China Shares Advance to Nine-Month High on Fiscal Spending Bets

  • SOEs doing well on consolidation speculation, Jingxi says
  • China Coal surges by daily limit as commodity’s price climbs

The State of China as Sixth Party Plenum Begins

Shanghai’s benchmark equity index closed at the highest level since January amid optimism that the government will boost infrastructure spending and speed up an overhaul of state-owned companies.

China Shenhua Energy Co. provided the biggest boost to the Shanghai Composite Index, while China Coal Energy Co. surged by the daily limit as prices of the commodity climbed. China Communications Construction Co. rose 2.4 percent, while Power Construction Corp. of China added 3.8 percent. Inner Mongolia Yili Industrial Group Co., a dairy producer, jumped after saying it would buy a stake in China Shengmu Organic Milk Ltd.

The Shanghai Composite, dominated by government-owned and industrial shares, has been outperforming the small-cap ChiNext Index since the middle of the year on speculation that Chinese officials will boost fiscal spending and follow through with pledges to overhaul the ownership structure of state-owned firms. Gross domestic product increased 6.7 percent last quarter from a year earlier, holding at the growth pace seen in the previous three months, a report showed last week. Communist Party leaders are gathering in Beijing this week for a full meeting of the party’s Central Committee, or plenum, a key forum for securing broader support for policy moves.

“Stabilization in third-quarter economic data has provided support to the broader market,” said Wang Zheng, Shanghai-based chief investment officer at Jingxi Investment Management Co. “Some big state-owned enterprises are doing well as there is speculation that the government will accelerate their consolidation to improve efficiency and boost infrastructure spending to further bolster economic growth."

The Shanghai Composite Index rose 1.2 percent to 3,128.25, the highest level since Jan. 8. The ChiNext gauge of smaller firms added 0.9 percent. The Hang Seng Index added 1 percent, while the Hang Seng China Enterprises Index climbed 1.7 percent to 9852.90, the highest close in two weeks.

China Resources Cement Holdings Ltd. rose 7 percent in Hong Kong. Supply-demand dynamics are improving on an increase in infrastructure fixed-asset investment, UBS AG analyst Yang Luo wrote in a note after the company reported a quarterly profit.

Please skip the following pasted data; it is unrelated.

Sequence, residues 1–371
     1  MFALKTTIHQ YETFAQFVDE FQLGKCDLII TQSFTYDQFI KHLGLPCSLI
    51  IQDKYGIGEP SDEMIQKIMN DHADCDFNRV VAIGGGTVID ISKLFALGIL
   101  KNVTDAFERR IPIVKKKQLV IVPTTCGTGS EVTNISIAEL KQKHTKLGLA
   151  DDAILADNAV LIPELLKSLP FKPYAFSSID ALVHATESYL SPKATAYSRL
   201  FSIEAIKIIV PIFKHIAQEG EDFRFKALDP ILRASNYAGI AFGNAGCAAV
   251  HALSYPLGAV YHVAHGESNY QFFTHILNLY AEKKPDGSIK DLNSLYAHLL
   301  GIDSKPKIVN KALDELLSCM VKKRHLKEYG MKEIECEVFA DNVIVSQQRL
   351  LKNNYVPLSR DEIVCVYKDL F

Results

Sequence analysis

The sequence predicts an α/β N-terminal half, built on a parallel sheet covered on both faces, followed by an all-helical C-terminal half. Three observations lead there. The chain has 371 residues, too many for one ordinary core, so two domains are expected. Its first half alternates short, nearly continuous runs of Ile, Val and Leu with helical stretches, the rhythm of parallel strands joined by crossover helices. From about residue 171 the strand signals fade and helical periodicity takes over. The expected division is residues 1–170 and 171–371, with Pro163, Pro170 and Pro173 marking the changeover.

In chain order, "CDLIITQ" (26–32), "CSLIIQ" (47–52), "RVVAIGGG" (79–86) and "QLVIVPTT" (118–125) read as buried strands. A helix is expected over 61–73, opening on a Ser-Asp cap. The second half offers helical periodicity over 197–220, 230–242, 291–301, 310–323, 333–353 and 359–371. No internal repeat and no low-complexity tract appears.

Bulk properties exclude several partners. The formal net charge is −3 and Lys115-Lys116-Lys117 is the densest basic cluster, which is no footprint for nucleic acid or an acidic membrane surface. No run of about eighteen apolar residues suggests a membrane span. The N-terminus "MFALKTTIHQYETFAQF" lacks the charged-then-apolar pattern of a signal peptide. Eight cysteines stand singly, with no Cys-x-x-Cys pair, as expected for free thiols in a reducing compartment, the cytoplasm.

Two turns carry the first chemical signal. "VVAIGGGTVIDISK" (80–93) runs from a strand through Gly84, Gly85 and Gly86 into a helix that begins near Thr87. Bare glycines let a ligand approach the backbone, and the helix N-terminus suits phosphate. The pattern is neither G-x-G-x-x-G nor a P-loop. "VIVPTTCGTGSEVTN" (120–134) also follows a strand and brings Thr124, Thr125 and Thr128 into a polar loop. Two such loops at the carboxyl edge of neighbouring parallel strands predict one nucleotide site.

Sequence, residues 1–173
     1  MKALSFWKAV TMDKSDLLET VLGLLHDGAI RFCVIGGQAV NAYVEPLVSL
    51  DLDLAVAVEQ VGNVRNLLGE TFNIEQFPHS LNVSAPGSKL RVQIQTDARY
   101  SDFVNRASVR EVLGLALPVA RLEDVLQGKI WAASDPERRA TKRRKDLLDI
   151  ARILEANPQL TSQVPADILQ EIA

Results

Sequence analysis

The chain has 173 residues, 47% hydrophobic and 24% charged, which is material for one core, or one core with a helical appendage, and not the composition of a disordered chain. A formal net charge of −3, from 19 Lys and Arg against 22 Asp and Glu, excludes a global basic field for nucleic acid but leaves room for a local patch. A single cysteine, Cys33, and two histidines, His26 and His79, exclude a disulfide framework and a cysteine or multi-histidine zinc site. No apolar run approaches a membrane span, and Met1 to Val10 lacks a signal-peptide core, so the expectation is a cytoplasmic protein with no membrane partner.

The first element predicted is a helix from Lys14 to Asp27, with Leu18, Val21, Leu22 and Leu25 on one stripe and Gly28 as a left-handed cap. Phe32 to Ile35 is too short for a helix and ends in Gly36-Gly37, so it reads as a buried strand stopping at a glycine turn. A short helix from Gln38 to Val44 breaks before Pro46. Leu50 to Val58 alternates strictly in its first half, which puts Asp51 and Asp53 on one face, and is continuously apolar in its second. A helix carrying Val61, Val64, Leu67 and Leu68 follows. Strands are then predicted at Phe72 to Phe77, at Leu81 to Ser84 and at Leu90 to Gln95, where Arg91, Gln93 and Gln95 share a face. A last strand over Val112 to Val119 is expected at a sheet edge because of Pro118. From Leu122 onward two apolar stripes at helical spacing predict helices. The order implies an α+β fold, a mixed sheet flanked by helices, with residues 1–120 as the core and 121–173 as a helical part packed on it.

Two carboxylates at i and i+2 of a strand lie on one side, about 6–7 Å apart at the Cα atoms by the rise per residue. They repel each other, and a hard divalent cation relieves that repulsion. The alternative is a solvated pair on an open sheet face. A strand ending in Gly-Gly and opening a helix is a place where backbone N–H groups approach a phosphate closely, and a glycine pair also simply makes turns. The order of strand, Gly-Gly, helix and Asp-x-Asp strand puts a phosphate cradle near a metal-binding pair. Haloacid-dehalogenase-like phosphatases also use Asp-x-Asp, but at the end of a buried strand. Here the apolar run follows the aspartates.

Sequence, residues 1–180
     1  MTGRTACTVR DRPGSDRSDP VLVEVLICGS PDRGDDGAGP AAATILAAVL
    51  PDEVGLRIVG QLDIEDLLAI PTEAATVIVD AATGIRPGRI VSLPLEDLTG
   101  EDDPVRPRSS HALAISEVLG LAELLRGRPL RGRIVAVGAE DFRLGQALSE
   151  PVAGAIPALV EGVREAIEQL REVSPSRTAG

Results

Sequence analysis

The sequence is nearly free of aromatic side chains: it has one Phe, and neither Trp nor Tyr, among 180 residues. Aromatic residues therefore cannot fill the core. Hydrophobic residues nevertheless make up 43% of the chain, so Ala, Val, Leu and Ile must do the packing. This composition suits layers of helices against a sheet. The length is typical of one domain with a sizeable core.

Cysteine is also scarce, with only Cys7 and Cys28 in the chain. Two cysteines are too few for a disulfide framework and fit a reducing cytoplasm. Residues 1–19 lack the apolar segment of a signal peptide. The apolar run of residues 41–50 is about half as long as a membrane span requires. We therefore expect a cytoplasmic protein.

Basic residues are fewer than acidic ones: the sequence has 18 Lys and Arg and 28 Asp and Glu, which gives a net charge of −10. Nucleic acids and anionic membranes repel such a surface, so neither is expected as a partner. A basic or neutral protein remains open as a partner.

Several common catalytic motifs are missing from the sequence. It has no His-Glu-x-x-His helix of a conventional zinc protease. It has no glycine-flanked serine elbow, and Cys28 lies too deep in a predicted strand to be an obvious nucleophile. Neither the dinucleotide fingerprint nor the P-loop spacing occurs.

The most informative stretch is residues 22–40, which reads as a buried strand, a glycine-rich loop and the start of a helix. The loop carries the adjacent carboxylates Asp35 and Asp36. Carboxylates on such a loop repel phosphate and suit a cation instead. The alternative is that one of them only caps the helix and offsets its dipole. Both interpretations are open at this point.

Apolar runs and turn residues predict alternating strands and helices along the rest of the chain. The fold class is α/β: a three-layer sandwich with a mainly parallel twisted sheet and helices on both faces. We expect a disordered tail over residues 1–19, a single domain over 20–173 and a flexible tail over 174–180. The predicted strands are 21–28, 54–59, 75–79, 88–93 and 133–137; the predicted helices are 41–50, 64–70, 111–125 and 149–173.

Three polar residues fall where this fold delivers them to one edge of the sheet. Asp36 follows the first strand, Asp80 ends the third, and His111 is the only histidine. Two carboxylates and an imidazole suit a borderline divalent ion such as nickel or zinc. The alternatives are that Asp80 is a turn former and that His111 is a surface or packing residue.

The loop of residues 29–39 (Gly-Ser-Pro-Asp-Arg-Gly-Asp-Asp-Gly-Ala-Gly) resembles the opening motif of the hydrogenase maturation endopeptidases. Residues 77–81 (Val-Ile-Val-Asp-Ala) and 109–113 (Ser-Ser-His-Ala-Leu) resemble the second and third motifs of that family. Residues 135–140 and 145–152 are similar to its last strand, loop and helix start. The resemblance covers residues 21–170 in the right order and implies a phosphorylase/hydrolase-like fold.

Cutting SOEs down to size and improving their profitability is critical to President Xi Jinping and Premier Li Keqiang’s signature economic policy of rebalancing the $10 trillion economy away from an over-reliance on debt-fueled infrastructure investment and exports to one powered more by services and consumer spending. More than $1 trillion ($148 billion) of asset combinations have emerged since late 2014 amid the nation’s biggest shake-up of state enterprises since the 1990s.

China will invest more than 1 trillion yuan in urban rail projects by 2020, the state-run Economic Information Daily reported, citing calculations it performed by adding up figures of previously approved projects. The National Development and Reform Commission, the country’s economic planner, has hastened the approval of such projects in recent years, the report added.

In the currency markets, the offshore yuan headed toward a record low as Chinese policy makers signaled they are willing to allow greater declines amid a slump in exports and an advance in the dollar. The exchange rate retreated 0.1 percent to 6.7762 a dollar in Hong Kong, near a record low of 6.7850 reached Sept. 1, 2010.

An index tracking energy producers on the CSI 300 jumped 3.6 percent, the most among the 10 industry groups. China Coal Energy surged by 10 percent, as did Shaanxi Coal Industry Co., which rose its highest close since July 14. China Shenhua Energy gained 7.3 percent to its highest level since August 2015.

The benchmark price for the coal burned to produce electricity in China rose to 640-650 yuan per ton as of Sunday, according to data from the China Coal Transport and Distribution Association. That’s the highest level since July 2012, according to data tracked by Bloomberg.

Inner Mongolia Yili Industrial, China’s biggest dairy producer, surged 7.3 percent as the trading of its shares resumed after being suspended in September. The company said it would acquire a 4.6 billion yuan stake in China Shengmu Organic Milk, the nation’s largest organic milk company.

— With assistance by Shidong Zhang

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